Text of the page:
Children of Mexican immigrants wait to receive a free health checkup inside a mobile clinic at the Mexican Consulate in Denver, Colo., in 2009. The Trump administration wants to ratchet up scrutiny of the use of social services by immigrants. That’s already led some worried parents to avoid family health care. John Moore/Getty Images hide caption
John Moore/Getty Images
John Moore/Getty Images
As U.S. immigration enforcement becomes stricter under the Trump administration, more immigrant families are cutting ties with health care services and other critical government programs, according to child advocates who work with these families.
In Texas, researchers studying the issue say it’s a major reason why more children are going without health insurance.
Ana, who lives in Central Texas with her husband and two children, has been increasingly hesitant to seek help from the government. In particular, she’s worried about getting help for her 9-year-old daughter, Sara, who was diagnosed with autism a few years ago.
Ana entered the country without documentation about 10 years ago, which is why NPR has agreed not to use her last name. Both her children were born in the U.S. and have been covered by Medicaid for years. But ever since President Trump took office, Ana has only been using the program for basics — such as checkups and vaccinations for the kids.
This decision to forgo care comes at a cost. Managing Sara’s behavior has been challenging, even after the diagnosis brought some clarity about what was going on. Sara acts out and has tantrums, sometimes in public places. Ana finds it difficult to soothe her daughter, and it’s become more awkward as Sara grows.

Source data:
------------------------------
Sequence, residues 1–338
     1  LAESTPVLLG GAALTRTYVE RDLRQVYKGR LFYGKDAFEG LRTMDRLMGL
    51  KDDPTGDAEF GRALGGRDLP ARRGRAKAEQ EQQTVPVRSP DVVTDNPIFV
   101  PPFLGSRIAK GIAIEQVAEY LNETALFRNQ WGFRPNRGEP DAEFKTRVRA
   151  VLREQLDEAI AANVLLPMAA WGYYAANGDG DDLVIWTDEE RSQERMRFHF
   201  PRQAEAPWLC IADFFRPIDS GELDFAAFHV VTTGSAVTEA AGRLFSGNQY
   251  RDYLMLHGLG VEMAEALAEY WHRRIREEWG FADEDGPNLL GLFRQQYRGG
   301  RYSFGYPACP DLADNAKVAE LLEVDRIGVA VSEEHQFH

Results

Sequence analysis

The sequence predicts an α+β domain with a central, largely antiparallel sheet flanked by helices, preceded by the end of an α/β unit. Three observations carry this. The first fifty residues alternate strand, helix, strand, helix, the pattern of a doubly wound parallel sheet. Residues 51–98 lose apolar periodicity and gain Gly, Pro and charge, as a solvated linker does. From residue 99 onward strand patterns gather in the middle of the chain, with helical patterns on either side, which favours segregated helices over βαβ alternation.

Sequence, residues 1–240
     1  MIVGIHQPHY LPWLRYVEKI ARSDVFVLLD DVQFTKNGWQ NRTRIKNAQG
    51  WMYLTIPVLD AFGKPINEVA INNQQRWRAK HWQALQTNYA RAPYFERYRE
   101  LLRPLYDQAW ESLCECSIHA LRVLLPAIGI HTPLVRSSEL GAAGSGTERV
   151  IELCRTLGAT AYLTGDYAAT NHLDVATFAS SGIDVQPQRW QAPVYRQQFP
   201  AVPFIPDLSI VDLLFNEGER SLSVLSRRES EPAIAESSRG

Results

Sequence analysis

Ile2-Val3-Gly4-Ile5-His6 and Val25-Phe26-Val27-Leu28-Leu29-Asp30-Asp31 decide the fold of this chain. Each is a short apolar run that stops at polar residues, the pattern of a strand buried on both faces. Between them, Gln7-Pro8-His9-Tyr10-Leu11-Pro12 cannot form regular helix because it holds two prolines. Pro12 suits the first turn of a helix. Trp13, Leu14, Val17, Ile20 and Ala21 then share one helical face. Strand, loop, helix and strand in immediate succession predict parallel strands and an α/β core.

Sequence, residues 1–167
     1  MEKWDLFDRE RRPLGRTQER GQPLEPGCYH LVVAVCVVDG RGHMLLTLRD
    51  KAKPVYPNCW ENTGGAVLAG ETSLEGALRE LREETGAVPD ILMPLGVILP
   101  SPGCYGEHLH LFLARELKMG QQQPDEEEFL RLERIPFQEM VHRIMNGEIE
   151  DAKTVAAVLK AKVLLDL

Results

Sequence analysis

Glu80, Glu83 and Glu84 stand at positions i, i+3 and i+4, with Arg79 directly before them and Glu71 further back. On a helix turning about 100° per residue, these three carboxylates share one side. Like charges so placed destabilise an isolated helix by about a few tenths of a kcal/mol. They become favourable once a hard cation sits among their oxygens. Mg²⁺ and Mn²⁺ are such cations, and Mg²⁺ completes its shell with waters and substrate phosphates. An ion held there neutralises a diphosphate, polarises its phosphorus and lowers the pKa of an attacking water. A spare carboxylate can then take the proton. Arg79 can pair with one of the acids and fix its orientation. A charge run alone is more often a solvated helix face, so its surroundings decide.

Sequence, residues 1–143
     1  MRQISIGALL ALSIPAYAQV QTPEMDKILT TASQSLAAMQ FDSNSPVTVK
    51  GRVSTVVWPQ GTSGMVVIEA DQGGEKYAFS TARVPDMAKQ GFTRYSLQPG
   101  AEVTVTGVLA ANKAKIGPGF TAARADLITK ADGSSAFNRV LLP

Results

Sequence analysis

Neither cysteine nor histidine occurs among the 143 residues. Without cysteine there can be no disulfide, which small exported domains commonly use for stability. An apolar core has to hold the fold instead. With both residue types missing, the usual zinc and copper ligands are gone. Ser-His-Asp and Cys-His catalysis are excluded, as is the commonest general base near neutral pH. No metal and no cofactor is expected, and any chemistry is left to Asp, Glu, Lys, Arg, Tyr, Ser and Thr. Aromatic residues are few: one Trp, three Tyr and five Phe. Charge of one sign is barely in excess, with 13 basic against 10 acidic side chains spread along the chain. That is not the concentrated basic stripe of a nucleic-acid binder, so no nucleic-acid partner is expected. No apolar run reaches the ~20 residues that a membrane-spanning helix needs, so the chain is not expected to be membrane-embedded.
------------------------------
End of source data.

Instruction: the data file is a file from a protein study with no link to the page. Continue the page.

“To other people, Sara just seems spoiled or a brat,” Ana says.
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After the diagnosis, Ana felt unsure about her next steps. She eventually went to a nonprofit in Austin that guides and supports parents whose children have disabilities. It’s called Vela (“candle” in Spanish).
At Vela, Ana learned about a range of services Sara could get access to via her Medicaid plan — including therapy to help the child communicate better.
However, the thought of asking for more government services for her daughter increased Ana’s anxiety. “I am looking for groups who are not associated with the government,” Ana explains.
Ana is in the middle of the long, expensive legal process of applying for permanent resident status, known informally as a “green card.” Recently, the Trump administration announced that it may tighten part of this process – the “public charge” assessment. The assessment scrutinizes how many government services a green card applicant currently uses — or might use later in life. If a person uses many government services, they could pose a net financial burden on the federal budget — or so goes the rationale. The government’s algorithms are complex, but “public charge” is part of the determination for who gets a green card and who doesn’t.
The rule change proposed by the Trump administration — which may not come to pass — has already led many applicants, or would-be applicants, to be wary of all government services, even those that wouldn’t affect their applications.
“I am afraid they will not give me a legal resident status,” Ana says.